Daniel Dobra’s earliest impressions of Croatia came through stories told at home. Both his parents were born there, but migrated to Australia as children after World War II. The country remained both a cultural and culinary influence on the family – which informed Dobra’s own career as a chef.

“It was like this mystical land,” he says of how Croatia seemed to him as a child. When he visited as an adult, though, he was just as spellbound by the modern-day reality. And as a chef, he couldn’t believe how ideal the conditions were for growing fresh, organic produce. “The food there is totally off its head,” he says, recounting a quick visit that snowballed into a three-month jaunt once he started visiting cousins in small villages across the country.

Dobra continues to imbue his cooking with Croatian influences, making traditional dishes that he ate as a child – and that aren’t even served in most Eastern European or Balkan restaurants in Australia. He highlights the Mediterranean country’s delicious layering of Italian, Greek and Turkish influences: “It’s a fusion of flavours that’s super unique.”

During his travels in Croatia, Dobra got to experience places that aren’t well-known to outsiders – certainly not listed on Google – such as the open-air restaurant that a taxi driver insisted on taking him to on his very first day in Croatia. “The outside world doesn’t get to see that,” he says. So when the seasoned chef – who co-ran Bedford Street in Collingwood (now Terror Twilight) before spending two-and-a-half years at South Melbourne’s St Ali – suggests the best destinations for eating in Croatia, it pays to listen.


Plitvice Lakes National Park
Croatia’s first national park remains an essential destination in the central highlands, with its emerald-hued titular lakes, waterfalls and vibrant forests. “The place is absolutely beautiful,” says Dobra. A scenic walking track circles the park, but the real highlight comes halfway along the track, when visitors board a ferry to an island nestled in the largest lake. There you’ll an unassuming picnic ground where a couple dozen Croatian men cook brilliantly seasoned rotisserie chicken over charcoal, served with ajvar (a traditional relish made from roasted red peppers) and either mayo or sour cream. “It’s honestly the best charcoal chicken and chips you will ever have,” Dobra promises.

Plitvice Lakes National Park


Šešula
While there’s a wide range of hearty Croatian fare on the menu at this restaurant in the historic coastal town of Šibenik – where you can sit outside, right across the water – Dobra says the uncommonly fresh seafood is its crown jewel. “[It] literally gets loaded off the boat onto the pier right in front of you,” he says, describing it as the European equivalent of San Francisco’s iconic Swan Oyster Depot. “You sit in a little al fresco area and enjoy the most simple but perfect, fresh seafood you could imagine.” If you’re after something more substantial, he also recommends the bread and pasta.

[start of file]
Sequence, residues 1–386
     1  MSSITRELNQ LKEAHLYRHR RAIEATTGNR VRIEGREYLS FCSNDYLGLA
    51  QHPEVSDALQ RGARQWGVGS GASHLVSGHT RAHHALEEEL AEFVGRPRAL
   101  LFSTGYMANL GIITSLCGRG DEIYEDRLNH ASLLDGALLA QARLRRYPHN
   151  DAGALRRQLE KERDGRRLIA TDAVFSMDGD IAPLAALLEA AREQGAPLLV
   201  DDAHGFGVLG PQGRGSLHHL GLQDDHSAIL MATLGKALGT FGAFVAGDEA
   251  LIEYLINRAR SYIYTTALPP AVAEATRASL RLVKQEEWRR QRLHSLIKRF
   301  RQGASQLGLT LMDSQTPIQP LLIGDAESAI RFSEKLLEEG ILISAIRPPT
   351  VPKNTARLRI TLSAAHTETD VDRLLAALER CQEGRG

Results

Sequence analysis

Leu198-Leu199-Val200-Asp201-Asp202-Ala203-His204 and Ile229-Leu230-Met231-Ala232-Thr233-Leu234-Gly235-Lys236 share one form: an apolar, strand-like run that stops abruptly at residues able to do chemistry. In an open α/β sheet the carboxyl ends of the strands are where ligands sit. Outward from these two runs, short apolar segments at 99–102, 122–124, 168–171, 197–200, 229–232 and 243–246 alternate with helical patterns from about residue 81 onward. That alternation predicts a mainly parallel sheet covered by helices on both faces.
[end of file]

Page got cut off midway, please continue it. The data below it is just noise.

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Fife
This much-loved eatery in Split is also close to the water, with a focus on seafood. Between the outdoor seating, robust portions and no-nonsense affordability, it’s a risk-free way to dive into the best that old-school Croatian cuisine has to offer. Plus, the kitchen staff is populated with Croatian mums and grandmothers for added authenticity. The location, food and expertise make this spot equally popular with visitors and locals alike. “Go here for traditional food like pašticada (braised beef with gnocchi), sarma (cabbage rolls) and punjena paprika (stuffed capsicum),” says Dobra.

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City Market, Sarajevo
Dobra strongly advises popping over the border to Bosnia to taste some ćevapi, a traditional Balkan skinless sausage cooked over charcoal. While there’s some contention over where the dish originates – and many countries and communities have their own versions – and the Bosnian version is made with lamb to accomodate the country’s Muslim population. When Dobra visited Croatia, he took the train to Sarajevo and caught a taxi to this spacious market, which he likens to Melbourne’s famous Queen Victoria Market. “There are old men making ćevapi as far as the eye can see,” he says, which means you’ll have plenty of opportunity to sample the smallest of variations and decide for yourself which is best.

City Market


Mlinica Ano
At this home-style, family-owned restaurant in Majkovi, a village north of Dubrovnik, it feels like you’re dining in someone’s family home. “This is literally the best traditional food I found in Croatia,” Dobra says. More specifically, it’s where you want to go for peka, the region’s traditional outdoor-barbeque style of cooking. Whether you opt for the octopus, chicken or lamb, Dobra assures us it’s “all amazing.” Between the cosy atmosphere and down-to-earth cuisine, this place is a distillation of everything that makes Croatia so special. “You can’t get it anywhere else in the world,” says Dobra.

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